The book has a plot that is a journey from innocence to experience, from naivety to wisdom, from fantasy to reality. Gilman and her friend Claire started their trip with high hopes and grand plans. They soon realized they were not. They went through many events and turning points that transformed their relationship with each other, with themselves, and with China. They confronted their fears, doubts, and secrets. They were lucky and changed by their ordeal.


The book has an impact that is a book that inspires and educates its readers. It has received positive reviews from critics and readers alike. It has been praised for its honesty, humor, suspense, emotion, insight, and style. It has been compared to other travel memoirs such as Wild by Cheryl Strayed, Eat Pray Love by Elizabeth Gilbert, Into Thin Air by Jon Krakauer, A Walk in the Woods by Bill Bryson, On the Road by Jack Kerouac, Travels with Charley by John Steinbeck, The Motorcycle Diaries by Che Guevara, Seven Years in Tibet by Heinrich Harrer, In Patagonia by Bruce Chatwin, Notes from a Small Island by Bill Bryson, Down Under by Bill Bryson, Neither Here nor There by Bill Bryson, A Year in Provence by Peter Mayle, Under the Tuscan Sun by Frances Mayes,


Shantaram


i>The Beach


by Alex Garland,


The Alchemist


by Paulo Coelho,


The Lost City of Z


by David Grann,


The Glass Castle


by Jeannette Walls,


The Kite Runner


by Khaled Hosseini,


Life of Pi


by Yann Martel,


The Catcher in the Rye


by J.D. Salinger, and The Hitchhiker's Guide to the Galaxy by Douglas Adams. It has also been adapted into a movie starring Reese Witherspoon and Jennifer Aniston.


The book is recommended for anyone who loves travel, adventure, memoir, history, culture, politics, humor, or drama. It is also suitable for anyone who wants to learn more about China, the 1980s, or themselves. The book can teach its readers valuable lessons about courage, friendship, identity, growth, and gratitude.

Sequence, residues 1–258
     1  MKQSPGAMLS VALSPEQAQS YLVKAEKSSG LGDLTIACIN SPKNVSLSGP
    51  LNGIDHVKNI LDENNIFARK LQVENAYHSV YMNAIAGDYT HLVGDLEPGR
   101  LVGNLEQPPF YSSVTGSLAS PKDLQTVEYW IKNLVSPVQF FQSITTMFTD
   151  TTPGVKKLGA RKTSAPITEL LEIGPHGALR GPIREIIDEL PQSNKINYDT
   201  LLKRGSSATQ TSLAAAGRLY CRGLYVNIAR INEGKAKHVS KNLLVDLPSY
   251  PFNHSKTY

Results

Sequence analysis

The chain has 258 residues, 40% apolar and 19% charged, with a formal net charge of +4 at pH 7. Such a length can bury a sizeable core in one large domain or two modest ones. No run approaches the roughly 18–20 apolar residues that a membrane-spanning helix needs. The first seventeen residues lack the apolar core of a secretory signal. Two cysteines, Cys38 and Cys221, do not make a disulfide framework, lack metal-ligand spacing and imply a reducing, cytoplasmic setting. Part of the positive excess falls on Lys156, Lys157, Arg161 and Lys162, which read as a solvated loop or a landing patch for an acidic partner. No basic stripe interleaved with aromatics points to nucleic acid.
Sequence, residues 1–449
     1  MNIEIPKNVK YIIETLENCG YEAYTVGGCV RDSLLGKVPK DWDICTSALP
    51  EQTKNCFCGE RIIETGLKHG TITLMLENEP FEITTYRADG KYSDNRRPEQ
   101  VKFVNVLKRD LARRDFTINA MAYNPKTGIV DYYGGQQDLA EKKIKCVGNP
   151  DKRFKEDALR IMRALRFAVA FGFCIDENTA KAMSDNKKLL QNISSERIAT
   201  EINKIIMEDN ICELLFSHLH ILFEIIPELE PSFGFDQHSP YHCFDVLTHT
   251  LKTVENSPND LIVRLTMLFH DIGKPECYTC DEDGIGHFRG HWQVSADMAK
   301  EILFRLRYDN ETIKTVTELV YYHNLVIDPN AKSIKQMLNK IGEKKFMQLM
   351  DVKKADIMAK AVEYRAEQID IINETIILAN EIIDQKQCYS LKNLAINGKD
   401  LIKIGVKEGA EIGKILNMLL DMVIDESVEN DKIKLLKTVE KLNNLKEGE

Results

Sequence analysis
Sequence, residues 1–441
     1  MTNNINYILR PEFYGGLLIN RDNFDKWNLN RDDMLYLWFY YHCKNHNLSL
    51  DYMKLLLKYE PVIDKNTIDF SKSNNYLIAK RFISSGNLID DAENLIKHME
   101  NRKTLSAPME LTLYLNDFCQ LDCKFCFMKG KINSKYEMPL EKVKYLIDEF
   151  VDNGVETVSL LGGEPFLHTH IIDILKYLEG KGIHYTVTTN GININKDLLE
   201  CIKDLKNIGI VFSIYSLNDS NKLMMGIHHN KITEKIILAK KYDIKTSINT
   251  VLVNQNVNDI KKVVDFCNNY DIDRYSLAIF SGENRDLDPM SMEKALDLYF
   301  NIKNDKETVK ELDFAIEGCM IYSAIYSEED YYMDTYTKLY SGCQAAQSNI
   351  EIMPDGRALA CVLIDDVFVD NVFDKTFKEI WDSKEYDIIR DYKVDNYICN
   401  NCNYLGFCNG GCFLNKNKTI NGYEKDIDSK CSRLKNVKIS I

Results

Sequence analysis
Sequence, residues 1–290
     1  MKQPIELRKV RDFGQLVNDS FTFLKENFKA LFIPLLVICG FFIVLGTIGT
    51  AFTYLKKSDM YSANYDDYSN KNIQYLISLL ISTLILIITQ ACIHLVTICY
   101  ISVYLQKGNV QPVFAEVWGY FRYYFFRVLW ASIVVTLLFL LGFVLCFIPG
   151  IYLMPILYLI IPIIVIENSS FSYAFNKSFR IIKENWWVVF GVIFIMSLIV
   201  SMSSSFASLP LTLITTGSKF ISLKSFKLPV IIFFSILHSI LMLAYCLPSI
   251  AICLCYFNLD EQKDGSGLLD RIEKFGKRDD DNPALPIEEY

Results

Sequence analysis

My personal opinion of the book is that it is a modern classic that deserves to be read by everyone. I enjoyed reading it from start to finish. I was captivated by Gilman's story and style. I learned a lot about China and myself. I felt inspired and educated by Gilman's experience and message.


FAQs




Here are some frequently asked questions about the book and their answers:



  • Where can I get the book in PDF format?



You can get the book in PDF format from various online sources such as Archive.org, OceanofPDF.com, DownloadLibrary.overdrive.com, and others. However, you should be aware that these sources may not be legal or authorized by the author or the publisher. You should respect the intellectual property rights of the author and the publisher and buy the book from legitimate sources such as Amazon.com, BarnesandNoble.com, IndieBound.org, and others.


  • Is the book based on a true story?



Yes, the book is based on a true story. Gilman and her friend Claire really traveled to China in 1986 and went through everything that Gilman describes in the book. However, some names and details have been changed to protect the privacy and safety of the people involved.


  • What is the meaning of the title?



The title of the book is a reference to a scene in the book where Gilman and her friend Claire visit a temple in Beijing. There, they see a mural depicting a scene from Chinese mythology where a goddess undresses herself in front of a mortal man who has fallen in love with her. The mural symbolizes the theme of innocence and experience, fantasy and reality, temptation and danger that runs throughout the book.


  • What is the genre of the book?



The book is a memoir, which is a type of nonfiction that tells the story of a person's life or a part of it. However, the book also has elements of other genres such as travel, adventure, history, culture, politics, humor, and drama.


  • Who are some other authors who write similar books?



Some other authors who write similar books are Cheryl Strayed, Elizabeth Gilbert, Jon Krakauer, Bill Bryson, Jack Kerouac, John Steinbeck, Che Guevara, Heinrich Harrer, Bruce Chatwin, Peter Mayle, Frances Mayes, Gregory David Roberts, Alex Garland, Paulo Coelho, David Grann, Jeannette Walls, Khaled Hosseini, Yann Martel, J.D. Salinger, 71b2f0854b


About

Welcome to the group! You can connect with other members, ge...

Members

bottom of page